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THE CONNECTION BETWEEN THE SEVENTH AND THE EIGHTH CHAPTERS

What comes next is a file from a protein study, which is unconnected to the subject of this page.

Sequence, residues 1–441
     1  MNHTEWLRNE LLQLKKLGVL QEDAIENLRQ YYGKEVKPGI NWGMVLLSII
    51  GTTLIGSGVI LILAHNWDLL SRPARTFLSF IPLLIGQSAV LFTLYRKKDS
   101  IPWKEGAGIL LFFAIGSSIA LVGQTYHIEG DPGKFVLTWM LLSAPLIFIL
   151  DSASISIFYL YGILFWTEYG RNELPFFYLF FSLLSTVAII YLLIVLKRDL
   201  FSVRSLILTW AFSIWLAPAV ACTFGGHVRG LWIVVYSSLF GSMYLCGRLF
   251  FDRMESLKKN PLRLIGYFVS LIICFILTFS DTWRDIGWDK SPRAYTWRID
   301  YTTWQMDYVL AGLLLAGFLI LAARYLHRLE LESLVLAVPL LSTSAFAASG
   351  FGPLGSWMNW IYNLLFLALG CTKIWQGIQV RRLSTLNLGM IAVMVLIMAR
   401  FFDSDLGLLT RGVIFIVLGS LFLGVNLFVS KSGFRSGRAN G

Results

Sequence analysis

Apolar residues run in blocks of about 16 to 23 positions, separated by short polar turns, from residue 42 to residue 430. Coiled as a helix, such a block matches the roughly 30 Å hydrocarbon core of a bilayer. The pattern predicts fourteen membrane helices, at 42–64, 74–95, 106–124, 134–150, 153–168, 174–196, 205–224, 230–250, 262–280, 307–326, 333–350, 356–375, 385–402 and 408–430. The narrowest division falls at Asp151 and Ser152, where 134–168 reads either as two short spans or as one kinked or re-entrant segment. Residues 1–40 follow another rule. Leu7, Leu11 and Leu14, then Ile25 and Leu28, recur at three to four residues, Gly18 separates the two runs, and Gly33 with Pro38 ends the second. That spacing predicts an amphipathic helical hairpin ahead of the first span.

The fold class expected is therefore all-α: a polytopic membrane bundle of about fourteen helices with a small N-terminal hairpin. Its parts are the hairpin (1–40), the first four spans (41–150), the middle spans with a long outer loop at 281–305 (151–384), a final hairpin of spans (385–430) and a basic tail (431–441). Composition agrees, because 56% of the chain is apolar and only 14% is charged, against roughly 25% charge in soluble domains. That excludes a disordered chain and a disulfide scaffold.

The truth of the interpretation of the seventh chapter, as it has been so far deduced by the author, is proved from some of the early verses of the eighth chapter when compared with those which precede them. 2. The first verse. 3. The second verse, and an explanation of the phrases used in it. 4. The third verse. A comparison of the former part of it with Romans vii. 5 and 14, and of the latter part of it with the sixth verse of the same chapter. 5. The fourth verse, and a comparison of it with Romans vii. 4. A paraphrastical recapitulation of those things which are taught in the first four verses of the eighth chapter, and their connection with the preceding chapter. 1. But I may now be permitted to confirm this my interpretation from some of the first of the verses of the next chapter, provided they be diligently compared with those in the seventh chapter. 2. For, in the first verse, a conclusion is inferred from verses of the preceding chapter, which is agreeable and accommodated to the principal design proposed by the apostle through the whole of this epistle. The words are these: "There is, therefore, now no condemnation to them who are in Christ Jesus, who walk not after the flesh, but after the Spirit." That this verse contains a conclusion, is evident from the illative particle "therefore," and indeed a conclusion not deduced from the former part of the last verse in the seventh chapter, but from the entire investigation, which consists of these two parts: "Men do not obtain righteousness, and power to conquer sin and to live in a holy manner, by means either of the law of nature or that of Moses; but, through the faith of the gospel of Jesus Christ, those very blessings are gratuitously bestowed on them who work not, but believe on Christ." But these two things, JUSTIFICATION which consists of remission of sins, and The Spirit of Holiness by which believers are enabled to overcome sin and to live in a holy manner, are parts of the gracious covenant into which God has entered with us in Christ: "I will put my laws into their minds, and write them in their hearts, &c.; for I will be merciful to their unrighteousness, and their sins and their iniquities will I remember no more." (Heb. viii. 10,12.) Therefore, when the apostle had proceeded so far with the proof of this thesis, (having in the first five chapters treated on righteousness and remission of sins, and in the sixth and seventh chapters, on the power to conquer sin and live in a holy manner,) he now infers this conclusion: "There is, therefore, now no condemnation to them who are in Christ Jesus, who walk not after the flesh, but after the Spirit." The emphasis of the conclusion lies in these words: "Who are in Christ Jesus, who walk, not after the flesh, but after the Spirit," to the exclusion of those who are under the law, and for whom is prepared certain condemnation, as being persons out of Christ, and subjected to the dominion of sin—as if the apostle had said, "From all these things, therefore, it is apparent that condemnation impends over all those who are under the law, because they neither perform the law, nor are able to perform it; but that freedom from condemnation granted only to those who are in Christ, and who walk according to the Spirit." But that the emphasis lies in these words: "Those who are in Christ Jesus," to the exclusion of the others, is apparent, (1.) From the fact, that this very part is repeated. though in other words, which are these, "who walk after the Spirit." (2.) Because the exclusion of other persons is openly placed in the repetition, "who walk not after the flesh." (3.) From the subject, itself, of the apostle’s investigation, which is this: "The gospel and not the law, is the power of God to salvation to those who believe and do not work." Wherefore, in order that the conclusion may correspond with the proposition, it ought to be read and understood with the opposition here produced. (4.) From other conclusions in this epistle, inferred in similar cases—"therefore, we conclude that a man is justified by faith without the deeds of the law," (Rom. iii. 28) also, in the twenty-seventh verse of the same chapter, "Where is boasting then, It is excluded. By what law? By that of works? No; but by the law of faith." "But it was written for us also, to whom it shall be imputed," that is, to those who "believe on him that raised up Jesus our Lord from the dead." (iv, 24) And it appears that these things are spoken in opposition, to the complete exclusion of another opposite, thus: "But to him that worketh not, but believeth on Him that justifieth the ungodly, his faith is accounted for righteousness." (iv, 5.) "For the promise was not made to Abraham through the law, but through the righteousness of faith." (13.) "Ye are become dead to the law, that ye should be married to Christ." (vii, 4.) As, likewise, in the passage at present under consideration, "There is, therefore, now no condemnation to them who are in Christ Jesus, who walk not after the flesh, but after the Spirit," From these remarks, it is apparent that the words after the flesh, but after the Spirit," do not belong to the description either of the subject or of the attribute of the preceding conclusion, as if they were described who are in Christ, but that they are the consequent or the antecedent itself of the same conclusion, though enunciated in a form somewhat different. This is likewise evident from the very words; for the pronoun, toiv "those," which is properly subservient to this matter, is not used in this clause. 3. The same thing is taught in the second verse, in which these two things are united, "the law of the Spirit of life in Christ Jesus," that have reference to these two things in the preceding verse, "Those in Christ Jesus," and walking after the Spirit." But let us inspect the verse itself, which reads thus: "For the law of the Spirit of life in Christ Jesus hath made me free from the law of sin and death." Before we compare this verse with that which preceded it, we must give a preliminary explanation of the phrases used in it. "The law of the Spirit" is, therefore, called the right, the power, and the force or virtue of the Holy Spirit; for the apostle continues in the mode of speaking which he had previously adopted in the seventh chapter, where he attributes a law to sin, to the mind and to the members, that is, the power and force of commanding and impelling. The Spirit is here called that "of life," that is, "the vivifying Spirit" by a phrase familiar to the Hebrews, who employ the genitive cases of substantives instead of adjectives; as "the city of God," "the man of God," "the God of justice," &c. But the Spirit is thus designated in opposition or distinction to the law of the letter, or the letter of the law, which is weak for the work of vivification, and knows nothing more than to kill—according to this passage, "The letter killeth, but the Spirit giveth life," (2 Cor. iii. 6) and according to this: "for if there had been a law given which could have given life, verily righteousness should have been by the law." (Gal. iii. 21.) But this "law of the Spirit of life" is said to be "in Christ Jesus," not because it is only in the person of Christ Jesus, but because it can be obtained in Jesus Christ alone; according to this declaration: "Believers receive the Spirit, not by the works of the law, but by the hearing of faith." (Gal. iii. 2,5.) This phrase, "in Christ," is very often used in the same manner in the apostolical writings. But that the phrase is to be received in this sense also in the present passage, is manifest, (1.) From the scope or design of the apostle, which is to teach, that not through the law, but through the grace of Christ, believers obtain righteousness and the Holy Spirit, by whose power they may be enabled to have dominion over sin, and to yield their members instruments of righteousness unto God. (2.) From comparing this passage with the first verse. For, "to those who are in Christ Jesus," is attributed freedom from condemnation, because "the vivifying Spirit in Christ Jesus has made them free from the law of sin and death." (3.) Because this "vivifying Spirit" does not "deliver from the law of sin and death," except as it is communicated "to those who are in Christ Jesus." But to this "Spirit of life" is attributed that "it makes those who are in Christ Jesus free from the law of sin and death;" that is, from the power and tyranny of sin reigning, and killing by means of the law. This deliverance or emancipation is opposed to "the captivity unto the law of sin," of which mention is made in Romans vii. 23, and to "the body of death" which is mentioned in verse the twenty-fourth. From this "law of sin," and from this "body of death," a man who is under the law could be delivered neither through the law of Moses, nor through "the law of the mind" which "consents to the law of God." But from this is also most admirably proved the conclusion deduced in the first verse from those which preceded it [in the seventh chapter]. For "deliverance from the law of sin and death" is opposed to "condemnation;" and, therefore, when the former of those is laid down, the latter is removed. This deliverance is attributed "to those who are in Christ Jesus," and "who walk according to the Spirit," from which it follows, that they are made free from condemnation. But the reason why this deliverance is attributed to that subject, arises from the cause of deliverance, that is, the vivifying Spirit, which Spirit, as it exists in Christ and is to be obtained in him, is likewise in "those who are in Christ Jesus." Wherefore, it is not at all wonderful, that this Spirit exercises his own proper force and efficacy in those persons in whom he dwells; and since this force or virtue is so peculiar to him, that he has it not in common with the law of Moses, it follows from this, that those only "who are in Christ Jesus" and are partakers of his Spirit, or that those who, being in Christ Jesus, are partakers of his Spirit, are delivered from condemnation, while those who are under the law remain under condemnation, as being those who are overcome by "the law of the members," and have been "brought into captivity under the law of sin," no successful resistance being offered by "the law of the mind," which "consents to the law of God." We have already said that, from a comparison of this verse with the twenty-third verse of the preceding chapter, an unanswerable argument is deducible in proof—that, in the two verses now specified, the apostle is not treating about the same man; but that, in the twenty-third verse of the seventh chapter, he treats about a man who is under the law, and in this second verse, about one who is under grace; because the man described in the former of these verses is "brought into captivity under the law of sin and death," and this by "the law of the members," "the law of the mind" offering fruitless resistance; but the man who is mentioned in the second verse, by the power of the life-giving Spirit, whom he has obtained in Christ Jesus, is "made free from the same law of sin and death." 4. Let us consider the third verse, in which the same thing may appear still more plainly to us; for in it the cause is explained why men who are under the law, cannot be made free from the dominion and condemnation of sin; but it is shown that this is obtained for them and effected by Christ. But the cause is this, because deliverance from the law of sin and death, or freedom from condemnation, could not be obtained except by the condemnation of sin, that is, except sin had been previously despoiled of the [assumed] right which it possessed, and of its power which it exercised over men who were subject to it. But it possessed the right and power of exercising dominion and of killing. But sin could not be despoiled of its right, and deprived of its power, by the law; for the law was rendered "weak, through the flesh," for the performance of such an arduous service. When God saw this state of things, and was unwilling the unhappy race of men should be perpetually detained under the tyranny and condemnation of sin, "he sent his own Son in the likeness of sinful flesh, and indeed for sin," that is, for destroying it, and he condemned sin in the flesh of his Son, who bore sin in his own body [on the tree] and took away from it that authority over us which it possessed, and weakened its powers. From these remarks it appears that this passage, which has hitherto been accounted one of great difficulty, is plain and perspicuous, provided each part of it be arranged aright, in the following manner: "For God, having sent his own Son in the likeness of sinful flesh and for sin, condemned sin in the flesh; which was a thing impossible to the law, because it was weakened through the flesh." For "that which the law could not do" is, "the condemnation of sin in the flesh?’ Hence it is manifest, that this verse briefly explains the whole cause why sin reigns unto death over men who are under the law, and why it possesses neither the authority nor the power of reigning over "those who are in Christ Jesus" and under grace. This may be briefly shown from a comparison of those things which had been previously said, with this verse. For these words, "what was impossible to the law because it was weakened by the flesh," agree with the following declaration, contained in the fifth verse of the preceding chapter: "When we were in the flesh, the motions of sing, which are by the law, did work in our members;" and with these words in the fourteenth verse, "We know that the law is spiritual, but I am carnal;" they also agree with the eighteenth verse, "I know that in me, [that is, in my flesh,] dwelleth no good thing." But these words, "God, in the flesh of his Son, condemned sin," agree with what is said in the sixth verse, of the preceding chapter: "But now we are delivered from the law, that being dead wherein we were held;" that is, sin being condemned which held us bound and in subjection to it. But, in this passage, the cause is more fully explained, that in the flesh of Christ such condemnation was effected. 5. From these observations is deduced the meaning of the fourth verse, plainly agreeing with those which preceded. It is this, after it had come to pass, that sin was condemned in the flesh of the Son of God, the right or authority of the law was completed and consummated in those who are in Christ Jesus, and who walk after the Spirit; so that they are no longer under the guidance and government of the law, but under the guidance of Him who has delivered us from sin, and who has claimed us for his own people. This is plainly expressed by the apostle, in the fourth verse of the preceding chapter, in these words: "Ye also are become dead to the law in the body of Christ, that ye should be married to another, even to Him who is raised from the dead, that we should bring forth fruit unto God." For these phrases agree with each other: "Ye are become dead to the law," and, "the right or authority of the law is fulfilled or completed in you." And, "in the body of Christ ye are become dead to the law," is the same as, "sin was condemned in the flesh of Christ, that the right or authority of the law might be fulfilled in us." But when the right of the law is completed and consummated by the condemnation of sin which was effected in the flesh of Christ, we belong or are married to another, that is, the right is transferred from the law to Christ, that we may be no longer under the law, but under Christ, and may live under grace and the guidance of his Spirit. For these words, "that the right or authority of the law might or may be fulfilled in us," must not be understood as if, when sin had been condemned in the flesh of Christ, the right or authority of the law was still to be completed; but that after the condemnation of sin in the flesh of Christ, the right of the law was actually fulfilled. Several forms of speech, similar to this, are used in this manner in the Scriptures. For instance: "All this was done, that it might be fulfilled which was spoken of the Lord by the prophet: (Matt. i. 22) "He came and dwelt in a city called Nazareth, that it might be fulfilled which was spoken by the prophets, He shall be called a Nazarene." (ii, 23.) "He came and dwelt in Capernaum, which is upon the sea coast, in the borders of Zabulon and Nephthalim, that it might be fulfilled which was spoken by Esaias the prophet, saying, The land of Zabulon, and the land of Nepthalim, &c., light is sprung up to them who sat in the region and shadow of death." (iv, 13-16.) "He cast out the spirits With His word, and healed all that were sick, that it might be fulfilled which was spoken by Esaias the prophet, saying, Himself took our infirmities," &c. (viii, 16,17.) See also Matt. xii. 17; xiii, 35; xxvi, 56. In all these examples, the phrase, "that it might be fulfilled," evidently means that the prediction was actually fulfilled by those acts which are mentioned in the several passages. This is also signified by a phrase different from the preceding, in Matt. xxvii. 9, "Then was fulfilled that which was spoken by Jeremy the prophet." It is lawful also to change the mode of speech in this verse, (Rom. viii, 4,) into another exactly of the same import: "Then was fulfilled the right or authority of the law in us." In addition to these, consult Matt. xxvii. 35; Luke xxi. 22; John xiii. 18; xvii, 12; xviii, 9; and innumerable other passages. From this explication it is apparent, that this portion of holy writ, (Rom. viii. 1-4,) is plain and perspicuous, though, without this interpretation, it is encompassed with much obscurity, as almost all interpreters have confessed, while they have laboured hard to explain it. We will now, by permission, compress all these remarks into a small compass, and briefly recapitulate them; what I have advanced will then become far more evident. Let us do this in the following manner: "Since, therefore, we have already seen, that men under the law are held captive under the dominion and tyranny of sin, we may easily conclude from this, that those only who are in Christ Jesus, and who walk after the Spirit and not after the flesh, are free from all condemnation; because the law, the right, the power, the force or virtue of the vivifying Spirit, which is and can be obtained in Jesus Christ alone, has liberated persons of this description from the law, the power and this force of sin and death, from the empire and dominion of sin, and of its condemnation. Christ Jesus could lawfully do this by his Spirit, as being the person in whose flesh sin was condemned, that it has no longer any right, neither can have any, over those who are Christ’s; in which flesh, indeed, He was sent by his Father, because this very thing was impossible to the law, weakened as it was through the flesh. And thus it has come to pass, that the right of the law, which it had over us when we were still under the law, is completed or fulfilled in persons of this description, who have become Christ’s people through faith, that they might hereafter live, be influenced, and governed by his grace and according to the guidance of the Holy Spirit. From these things we may certainly conclude that sin cannot have dominion over them, and therefore, that they are able to yield their members instruments of righteousness to God, as those who have been translated from the death of sin to the life of the Spirit." But these topics the apostle pursues as far as the sixteenth verse of this eighth chapter, in a manner accommodated to the same scope or design as we have hitherto pointed out; and he seems always mindful of the exhortation which he had given in Romans vi, 12,13; from the conjoint reason in which he descends into the succeeding long investigation. These observations, however, may suffice, lest we be too operose in demonstrating a matter that is so plain and perspicuous.